The exposome is the cumulative measure of environmental influences and associated biological responses throughout the lifespan, including exposures from the environment, diet, behavior, and endogenous processes. A major challenge for exposome research lies in the development of robust and affordable analytic procedures to measure the broad range of exposures and associated biologic impacts occurring over a lifetime. Biomonitoring is an established approach to evaluate internal body burden of environmental exposures, but use of biomonitoring for exposome research is often limited by the high costs associated with quantification of individual chemicals. High-resolution metabolomics (HRM) uses ultra-high resolution mass spectrometry with minimal sample preparation to support high-throughput relative quantification of thousands of environmental, dietary, and microbial chemicals. HRM also measures metabolites in most endogenous metabolic pathways, thereby providing simultaneous measurement of biologic responses to environmental exposures. The present research examined quantification strategies to enhance the usefulness of HRM data for cumulative exposome research. The results provide a simple reference standardization protocol in which individual chemical concentrations in unknown samples are estimated by comparison to a concurrently analyzed, pooled reference sample with known chemical concentrations. The approach was tested using blinded analyses of amino acids in human samples and was found to be comparable to independent laboratory results based on surrogate standardization or internal standardization. Quantification was reproducible over a 13-month period and extrapolated to thousands of chemicals. The results show that reference standardization protocol provides an effective strategy that will enhance data collection for cumulative exposome research. In principle, the approach can be extended to other types of mass spectrometry and other analytical methods.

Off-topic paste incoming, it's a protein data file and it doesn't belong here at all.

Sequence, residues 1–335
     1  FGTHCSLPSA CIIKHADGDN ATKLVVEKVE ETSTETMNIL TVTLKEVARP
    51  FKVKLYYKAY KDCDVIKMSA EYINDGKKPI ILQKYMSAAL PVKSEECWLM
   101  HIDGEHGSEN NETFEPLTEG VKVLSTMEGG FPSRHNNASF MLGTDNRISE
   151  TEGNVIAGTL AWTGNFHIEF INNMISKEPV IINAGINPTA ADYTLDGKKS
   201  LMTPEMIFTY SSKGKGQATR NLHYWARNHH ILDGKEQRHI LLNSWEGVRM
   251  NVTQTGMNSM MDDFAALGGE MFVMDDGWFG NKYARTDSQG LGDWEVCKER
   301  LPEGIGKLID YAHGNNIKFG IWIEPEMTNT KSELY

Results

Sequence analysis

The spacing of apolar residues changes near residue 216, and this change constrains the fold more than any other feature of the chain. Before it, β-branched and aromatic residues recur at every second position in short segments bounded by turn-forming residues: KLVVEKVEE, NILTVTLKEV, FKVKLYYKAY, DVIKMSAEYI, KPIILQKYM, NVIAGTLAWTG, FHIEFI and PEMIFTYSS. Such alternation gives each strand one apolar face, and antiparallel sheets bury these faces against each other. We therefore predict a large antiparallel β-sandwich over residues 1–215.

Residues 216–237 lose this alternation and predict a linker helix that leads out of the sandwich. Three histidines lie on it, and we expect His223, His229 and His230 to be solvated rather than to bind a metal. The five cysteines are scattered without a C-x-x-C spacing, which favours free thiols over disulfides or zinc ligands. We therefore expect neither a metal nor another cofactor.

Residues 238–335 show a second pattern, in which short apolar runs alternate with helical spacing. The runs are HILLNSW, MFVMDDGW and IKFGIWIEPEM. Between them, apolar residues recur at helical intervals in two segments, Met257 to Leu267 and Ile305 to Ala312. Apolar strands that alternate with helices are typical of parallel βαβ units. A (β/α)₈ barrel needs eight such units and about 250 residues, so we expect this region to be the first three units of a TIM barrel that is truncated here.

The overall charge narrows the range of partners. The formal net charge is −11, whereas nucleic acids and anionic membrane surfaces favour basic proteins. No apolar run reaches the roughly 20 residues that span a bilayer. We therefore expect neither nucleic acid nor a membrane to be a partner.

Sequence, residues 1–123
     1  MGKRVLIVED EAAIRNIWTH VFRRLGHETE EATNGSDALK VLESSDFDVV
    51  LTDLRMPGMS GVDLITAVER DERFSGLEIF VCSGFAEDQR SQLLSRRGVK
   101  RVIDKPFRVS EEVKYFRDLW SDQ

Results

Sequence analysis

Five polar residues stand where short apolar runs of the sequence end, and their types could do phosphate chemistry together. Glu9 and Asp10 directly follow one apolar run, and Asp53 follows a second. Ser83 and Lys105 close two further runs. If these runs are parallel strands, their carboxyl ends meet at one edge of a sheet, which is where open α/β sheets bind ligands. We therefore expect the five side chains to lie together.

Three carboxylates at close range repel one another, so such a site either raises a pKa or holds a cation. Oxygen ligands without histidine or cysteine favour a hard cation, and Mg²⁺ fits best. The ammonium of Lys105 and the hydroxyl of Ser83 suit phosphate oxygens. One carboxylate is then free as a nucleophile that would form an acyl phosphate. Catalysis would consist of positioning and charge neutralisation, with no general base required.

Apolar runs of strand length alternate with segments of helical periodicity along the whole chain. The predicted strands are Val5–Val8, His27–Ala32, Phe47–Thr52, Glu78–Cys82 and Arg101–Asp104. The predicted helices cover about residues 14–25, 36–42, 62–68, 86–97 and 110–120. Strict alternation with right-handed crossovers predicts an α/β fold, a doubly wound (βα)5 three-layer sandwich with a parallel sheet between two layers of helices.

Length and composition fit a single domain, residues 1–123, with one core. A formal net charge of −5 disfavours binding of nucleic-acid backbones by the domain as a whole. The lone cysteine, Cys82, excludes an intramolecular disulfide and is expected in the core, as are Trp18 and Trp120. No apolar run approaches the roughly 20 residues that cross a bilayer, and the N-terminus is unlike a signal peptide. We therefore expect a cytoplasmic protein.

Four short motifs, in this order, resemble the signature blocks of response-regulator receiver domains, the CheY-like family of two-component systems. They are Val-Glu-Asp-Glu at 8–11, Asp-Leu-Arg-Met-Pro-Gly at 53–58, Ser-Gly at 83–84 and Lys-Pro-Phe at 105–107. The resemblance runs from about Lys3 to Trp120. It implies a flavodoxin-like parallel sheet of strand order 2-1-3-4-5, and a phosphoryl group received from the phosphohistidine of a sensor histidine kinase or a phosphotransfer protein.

Keywords: amino acids; analytical chemistry; environment; mass spectrometry; metabolomics.
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